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Über dieses Buch

The subject "optical signal processing" can and should include all aspects of optics and signal processing. However, that is too large a scope for a textbook that, like this one, is intended as an introduc­ tion to the subject at a level suitable for first year graduate students of electrical engineering, physics, and optical engineering. There­ fore, the subject matter has been restricted. The book begins with basic background material on optics, signal processing, matrix alge­ bra, ultrasound and SAWs, and CCDs. One might argue about this choice of topics. For example, there already exist very good books on matrix algebra. However, matrix algebra is so important in sig­ nal processing, especially in connection with devices such as optical matrix processors, that it was felt that a review was essential. Also, the matrix algebra needed for systolic arrays and parallel computing has made great advances in recent years. My original intention was to write a single-volume textbook cov­ ering most of the fundamental concepts and applications of optical signal processing. However, it soon became apparent that the large amount of material to be included would make publication in a single volume impracticable. Therefore this volume treats the "fundamen­ tals" and a second volume will appear dealing with devices and applications. This textbook was stimulated by a set of short courses that I have directed and lectured since 1976, as well as regular courses that I have taught at Rensselaer Polytechnic Institute since 1974.

Inhaltsverzeichnis

Frontmatter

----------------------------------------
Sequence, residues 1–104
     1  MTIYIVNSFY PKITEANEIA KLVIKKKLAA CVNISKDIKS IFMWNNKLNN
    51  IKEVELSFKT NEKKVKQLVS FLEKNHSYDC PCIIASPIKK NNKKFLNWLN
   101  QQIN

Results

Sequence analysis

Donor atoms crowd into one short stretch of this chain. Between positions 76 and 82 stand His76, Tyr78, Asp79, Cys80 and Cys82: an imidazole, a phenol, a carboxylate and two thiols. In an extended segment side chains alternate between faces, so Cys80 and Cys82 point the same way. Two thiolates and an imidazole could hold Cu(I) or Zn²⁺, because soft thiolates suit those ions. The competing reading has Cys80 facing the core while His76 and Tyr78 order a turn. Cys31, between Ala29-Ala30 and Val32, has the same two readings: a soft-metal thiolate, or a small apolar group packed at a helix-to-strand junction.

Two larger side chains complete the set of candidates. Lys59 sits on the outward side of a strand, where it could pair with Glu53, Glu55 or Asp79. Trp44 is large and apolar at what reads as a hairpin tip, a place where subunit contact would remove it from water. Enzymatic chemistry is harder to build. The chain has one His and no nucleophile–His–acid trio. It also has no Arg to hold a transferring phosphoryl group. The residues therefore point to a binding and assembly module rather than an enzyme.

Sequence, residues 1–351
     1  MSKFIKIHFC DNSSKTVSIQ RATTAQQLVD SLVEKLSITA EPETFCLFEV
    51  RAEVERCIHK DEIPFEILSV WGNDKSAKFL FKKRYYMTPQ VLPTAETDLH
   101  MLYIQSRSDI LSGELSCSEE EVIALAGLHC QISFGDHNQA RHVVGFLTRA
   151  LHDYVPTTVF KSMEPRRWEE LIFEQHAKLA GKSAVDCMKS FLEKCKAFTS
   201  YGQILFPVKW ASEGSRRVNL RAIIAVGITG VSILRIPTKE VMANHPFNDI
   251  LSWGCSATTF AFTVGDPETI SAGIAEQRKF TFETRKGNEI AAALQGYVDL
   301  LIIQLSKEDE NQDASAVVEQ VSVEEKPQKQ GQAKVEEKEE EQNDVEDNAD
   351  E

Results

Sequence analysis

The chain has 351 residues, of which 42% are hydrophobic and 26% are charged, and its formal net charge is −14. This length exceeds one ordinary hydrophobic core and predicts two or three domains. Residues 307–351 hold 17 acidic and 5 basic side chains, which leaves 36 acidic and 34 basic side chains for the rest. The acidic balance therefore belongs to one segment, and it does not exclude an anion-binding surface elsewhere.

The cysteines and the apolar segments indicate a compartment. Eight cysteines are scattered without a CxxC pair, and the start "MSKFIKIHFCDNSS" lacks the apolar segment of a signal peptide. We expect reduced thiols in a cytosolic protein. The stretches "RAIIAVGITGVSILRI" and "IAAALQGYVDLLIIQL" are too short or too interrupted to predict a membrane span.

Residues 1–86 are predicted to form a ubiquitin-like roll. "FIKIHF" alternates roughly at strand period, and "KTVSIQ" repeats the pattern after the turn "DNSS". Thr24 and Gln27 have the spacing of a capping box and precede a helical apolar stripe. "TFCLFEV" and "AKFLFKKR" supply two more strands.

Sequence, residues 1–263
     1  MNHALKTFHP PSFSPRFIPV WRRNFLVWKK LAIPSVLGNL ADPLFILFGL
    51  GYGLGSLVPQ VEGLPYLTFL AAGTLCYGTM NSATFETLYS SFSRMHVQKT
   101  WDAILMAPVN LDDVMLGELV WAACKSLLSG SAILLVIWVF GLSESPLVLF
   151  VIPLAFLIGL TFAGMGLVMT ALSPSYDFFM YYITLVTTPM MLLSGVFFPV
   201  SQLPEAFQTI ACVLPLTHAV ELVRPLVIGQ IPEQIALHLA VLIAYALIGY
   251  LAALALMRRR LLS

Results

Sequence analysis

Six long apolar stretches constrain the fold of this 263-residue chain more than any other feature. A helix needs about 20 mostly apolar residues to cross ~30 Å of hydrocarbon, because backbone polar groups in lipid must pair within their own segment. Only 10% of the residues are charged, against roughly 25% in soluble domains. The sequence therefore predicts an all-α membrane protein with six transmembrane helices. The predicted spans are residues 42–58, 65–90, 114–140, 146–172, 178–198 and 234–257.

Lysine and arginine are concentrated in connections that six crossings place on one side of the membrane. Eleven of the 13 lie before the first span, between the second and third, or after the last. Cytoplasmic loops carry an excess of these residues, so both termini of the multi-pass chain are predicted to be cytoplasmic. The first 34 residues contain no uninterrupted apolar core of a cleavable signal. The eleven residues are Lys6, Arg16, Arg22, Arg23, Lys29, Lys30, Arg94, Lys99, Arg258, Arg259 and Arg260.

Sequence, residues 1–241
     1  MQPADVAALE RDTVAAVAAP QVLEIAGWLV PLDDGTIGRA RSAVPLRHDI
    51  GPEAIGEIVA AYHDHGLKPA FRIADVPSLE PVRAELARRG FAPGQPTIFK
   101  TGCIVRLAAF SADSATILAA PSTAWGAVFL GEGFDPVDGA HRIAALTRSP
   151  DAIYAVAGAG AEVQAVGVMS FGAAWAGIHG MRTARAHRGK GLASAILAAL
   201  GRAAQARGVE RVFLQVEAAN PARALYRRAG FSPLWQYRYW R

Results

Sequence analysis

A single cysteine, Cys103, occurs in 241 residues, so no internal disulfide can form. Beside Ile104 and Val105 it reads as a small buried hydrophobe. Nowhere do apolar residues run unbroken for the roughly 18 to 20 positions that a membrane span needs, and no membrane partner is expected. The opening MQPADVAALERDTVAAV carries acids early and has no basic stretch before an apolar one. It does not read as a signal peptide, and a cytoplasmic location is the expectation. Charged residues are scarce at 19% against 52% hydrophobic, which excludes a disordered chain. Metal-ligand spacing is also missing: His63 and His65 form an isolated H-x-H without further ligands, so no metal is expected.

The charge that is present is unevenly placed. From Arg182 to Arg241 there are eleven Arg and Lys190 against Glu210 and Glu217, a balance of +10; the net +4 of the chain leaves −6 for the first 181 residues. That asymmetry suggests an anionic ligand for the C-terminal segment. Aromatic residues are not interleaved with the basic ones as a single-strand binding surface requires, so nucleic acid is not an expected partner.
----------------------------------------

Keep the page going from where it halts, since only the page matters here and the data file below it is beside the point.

1. Introduction

Abstract
Until recently, optics had not been considered as part of the electrical engineering curriculum, even though the fundamental laws of electromagnetic waves, which include those in optics, are governed by Maxwell’s equations. The main reason for this was the absence of coherent optical sources equivalent to klystrons or magnetrons for microwaves, or oscillators for lower frequencies. However, the invention of the laser has changed this situation and, as expected, there has been enormous activity in using the optical frequency region for conventional electrical engineering applications, such as optical communication, laser radar and optical signal processing. These applications are in addition to those traditionally belonging to optics, such as photography, spectroscopy, microscopy, and in telescopes, etc. which generally use incoherent light. The “optical revolution” in electrical engineering is not only fueled by the availability of the laser but also by other technical developments such as integrated optics, fiber optics, acousto-optics, electro- and magneto-optics, Fourier optics, a phenomenal need for parallel computation, hence optical computing, systolic arrays, photodetector arrays and charge-coupled devices (CCDs), charge-injected devices (CIDs), focal plane arrays, GaAs technology, very high speed integrated circuits, and the overall desire of society to perform real-time signal processing with faster speed and higher bandwidth.
Pankaj K. Das

2. Optics Fundamentals

Abstract